- I recently attended this year’s Cisco Partner Summit which was held in Montreal. The event featured exciting conversations, new trends, and a clearly growing technology field. There were some big messages at this year’s conference and it’s evident that new kinds of ecosystem technologies are going to be making an impact.
The conversation starts around capturing this new digital disruption that’s happening in our industry. In fact, according to the 2015 Accenture Technology Vision Report, 81 percent of executives believe that industry boundaries will dramatically blur as platforms reshape industries into interconnected ecosystems. Furthermore, 60 percent are now planning to engage new digital partners within their respective industries. This means that partners, service providers, integrators, and the organization itself must become ready for the truly digital age. This means aligning with new security trends, demands around IoE, and enabling the cloud.
So how does all of this impact the modern healthcare provider? Pretty much in every single way. Within healthcare, new trends are absolutely emerging around patient care and the technologies revolving around all of this. With this in mind, let’s look at three key future healthcare environment components and where they will be secured.
Mobility. The latest Cisco Mobile Forecast indicates that by 2019, mobile-connected tablets will generate nearly double the traffic generated by the entire global mobile network in 2014. And, because of increased usage on smartphones, smartphones will reach three-quarters of mobile data traffic by 2019. Mobility is already impacting healthcare. But this has to be seen as a much broader topic than just phones, tablets and mobile devices. We have to include IoE/IoT into the conversation as well, which we’ll touch on in a second. When it comes to mobility, those healthcare organizations that enable their associates to work on mobile devices just as they would in the office enjoy a very distinct competitive advantage. Their employees have all of their healthcare and business resources at their fingertips and can quickly respond to changing patient demands and business circumstances. They’re productive anywhere and anytime.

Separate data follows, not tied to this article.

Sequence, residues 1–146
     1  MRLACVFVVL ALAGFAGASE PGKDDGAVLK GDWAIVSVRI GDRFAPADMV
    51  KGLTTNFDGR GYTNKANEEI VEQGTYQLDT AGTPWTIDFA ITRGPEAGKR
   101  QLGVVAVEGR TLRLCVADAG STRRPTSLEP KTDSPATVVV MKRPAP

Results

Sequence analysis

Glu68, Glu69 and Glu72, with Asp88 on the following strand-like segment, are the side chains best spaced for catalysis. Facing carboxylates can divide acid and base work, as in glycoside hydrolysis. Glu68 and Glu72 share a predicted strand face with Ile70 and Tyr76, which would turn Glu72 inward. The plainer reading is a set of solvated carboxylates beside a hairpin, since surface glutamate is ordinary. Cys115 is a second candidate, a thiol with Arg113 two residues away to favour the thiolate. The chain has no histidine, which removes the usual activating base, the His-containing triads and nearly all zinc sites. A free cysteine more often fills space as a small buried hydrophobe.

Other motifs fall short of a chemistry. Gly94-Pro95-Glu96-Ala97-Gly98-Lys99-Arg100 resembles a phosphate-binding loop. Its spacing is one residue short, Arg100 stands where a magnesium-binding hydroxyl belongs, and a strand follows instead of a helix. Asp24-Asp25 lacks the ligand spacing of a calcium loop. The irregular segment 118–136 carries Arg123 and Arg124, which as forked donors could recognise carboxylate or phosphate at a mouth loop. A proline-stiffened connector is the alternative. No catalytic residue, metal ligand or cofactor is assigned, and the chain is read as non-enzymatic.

- Securing Mobility: Mobility security will revolve directly around infrastructure intelligence. Simply put, with so much information flowing through the modern healthcare architecture, there simply will have to be smarter ways to control traffic flow throughout a data center. This means creating a lot of policies scanning for malicious traffic and data leaks continuously. Also, this will have to span both wired and wireless systems. Most of all, this will have to be done without impacting user performance. Fortunately, new network security tools and embedded security controls within intelligent switching components allows you to have very granular visibility into both application and traffic flow. This is where traffic shaping, micro-filtering, and data flow control all become important.
IoE/IoT. Did you see the new IoT Pacifier? Here’s a device that can take the diagnostics of a child, real-time, and provide invaluable information to healthcare professionals. We are allowing technology to speak for those that can’t. Even though the concept of an IoT Pacifier is new, the idea behind what it can do isn’t. New sensors, smaller electronics, wearable devices are making direct impacts on the business and patient care. In fact, globally, the data created by IoE devices will be 277 times higher than the amount of data being transmitted to data centers from end-user devices and 47 times higher than total data center traffic by 2018. These new tools and interconnected technologies are set to revolutionize the healthcare process and greatly improve the way we support both the healthcare professionals and the patient.